A similar power center exists today, created by the illegality of controlled substances like marijuana, cocaine, and heroin.
The prohibition of these and other controlled substances gave rise to a government-created power center with a black market in drugs as its foundation and the ability to earn millions of dollars per year as its reward– along with the violence necessary to protect it.
If Prohibition didn’t work in the 1920s and 1930s, and the War on Drugs is not working today, it’s time to try the other option in drug decriminalization.
Other countries have seen success in decriminalizing drugs.
In 2001, Portugal decriminalized the personal possession of all drugs, which meant that possession would no longer be a criminal offense. Rather, drug possession would be an administrative violation, punishable by fines or community service, not prison.
Prior to decriminalization, Portugal had one of the highest overdose death rates in Europe at nearly 80 deaths per million.
Drug decriminalization called drug abusers out of the shadows, leading increasing numbers to voluntarily enter treatment facilities.
The results were telling. Rates of overdose deaths, HIV infections, problematic drug use, and incarceration for drug-related offenses fell dramatically. Ultimately, overdose death rates dropped to three deaths per million, significantly below the European average.
If marijuana, cocaine, heroin, and every other illegal drug were decriminalized, it would remove the government-created power center and the foundation upon which it currently rests.
The “drug game,” with all its violent, life-destroying underpinnings, would eventually be a thing of the past.
Neighborhoods ravaged by the effects of the drug war would, over time, stand a good chance of becoming stable and family-oriented, as well as increasing property values.
In addition, grandfathers and grandmothers could move about freely in their neighborhoods “without fear of being mugged by their grandchildren.”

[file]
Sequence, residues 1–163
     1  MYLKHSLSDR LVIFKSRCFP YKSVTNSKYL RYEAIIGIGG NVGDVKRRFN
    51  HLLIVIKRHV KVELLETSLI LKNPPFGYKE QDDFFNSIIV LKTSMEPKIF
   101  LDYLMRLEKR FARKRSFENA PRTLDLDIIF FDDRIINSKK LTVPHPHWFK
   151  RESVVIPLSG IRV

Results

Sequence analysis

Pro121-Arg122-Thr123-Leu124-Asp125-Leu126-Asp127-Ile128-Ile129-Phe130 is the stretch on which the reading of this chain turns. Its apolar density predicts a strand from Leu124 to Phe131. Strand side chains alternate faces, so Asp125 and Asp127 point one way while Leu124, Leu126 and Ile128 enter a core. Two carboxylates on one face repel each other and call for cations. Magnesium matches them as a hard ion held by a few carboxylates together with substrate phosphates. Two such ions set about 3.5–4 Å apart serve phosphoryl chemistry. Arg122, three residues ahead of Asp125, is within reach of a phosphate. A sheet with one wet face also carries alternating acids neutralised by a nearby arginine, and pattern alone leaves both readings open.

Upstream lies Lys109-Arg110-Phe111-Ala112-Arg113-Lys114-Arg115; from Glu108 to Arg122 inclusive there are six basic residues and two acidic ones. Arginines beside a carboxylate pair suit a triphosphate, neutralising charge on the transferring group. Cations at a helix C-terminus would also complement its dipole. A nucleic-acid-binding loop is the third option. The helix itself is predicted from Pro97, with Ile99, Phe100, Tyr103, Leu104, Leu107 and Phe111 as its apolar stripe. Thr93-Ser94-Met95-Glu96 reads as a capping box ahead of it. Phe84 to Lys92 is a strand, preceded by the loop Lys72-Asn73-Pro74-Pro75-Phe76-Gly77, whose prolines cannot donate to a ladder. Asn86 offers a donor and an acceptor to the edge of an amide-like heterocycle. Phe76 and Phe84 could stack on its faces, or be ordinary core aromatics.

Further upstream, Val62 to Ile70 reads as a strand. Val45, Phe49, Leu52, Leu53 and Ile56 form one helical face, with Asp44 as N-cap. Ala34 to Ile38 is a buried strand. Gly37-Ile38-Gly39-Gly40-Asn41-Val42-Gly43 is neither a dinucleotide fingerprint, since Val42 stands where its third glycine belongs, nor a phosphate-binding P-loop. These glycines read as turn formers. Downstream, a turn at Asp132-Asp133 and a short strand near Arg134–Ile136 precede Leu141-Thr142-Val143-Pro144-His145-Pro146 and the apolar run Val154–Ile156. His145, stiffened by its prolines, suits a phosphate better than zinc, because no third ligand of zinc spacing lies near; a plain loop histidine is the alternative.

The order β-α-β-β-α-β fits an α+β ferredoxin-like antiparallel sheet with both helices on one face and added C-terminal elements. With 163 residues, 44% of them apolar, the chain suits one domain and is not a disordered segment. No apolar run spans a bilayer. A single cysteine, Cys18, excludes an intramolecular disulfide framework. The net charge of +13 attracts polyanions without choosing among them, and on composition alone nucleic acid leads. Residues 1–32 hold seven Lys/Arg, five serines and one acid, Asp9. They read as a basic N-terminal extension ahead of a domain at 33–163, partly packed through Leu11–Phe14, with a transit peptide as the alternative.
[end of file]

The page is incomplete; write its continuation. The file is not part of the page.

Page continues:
Moreover, the monetary benefits of decriminalization would be staggering.
Since 1971, the War on Drugs has cost the United States an estimated one trillion dollars. In 2015, the federal government spent $9.2 million every day to incarcerate people charged with drug related offenses– more than $3.3 billion per year.
State governments spent about $7 billion dollars in 2015 alone to incarcerate individuals for drug-related charges. North Carolina, the state in which I work, spent more than $70 million incarcerating people for drug possession.
The money spent on the War on Drugs at the Federal and State level comes from taxpayers and/or government debt. Funds previously spent on the drug war could be returned to the taxpayer in the form of lower taxes.
Previously over-policed neighborhoods would be demilitarized, small businesses and the jobs that come with them would return, and the standard of living in inner cities across the country would increase.
To be clear, I am not advocating drug use. I do not do drugs. As an ordained minister, I teach anyone who will listen that drug misuse and abuse is something to be avoided at all costs. What I am advocating, however, is an out-of-the-box approach to winning the War on Drugs.
What do we have to lose?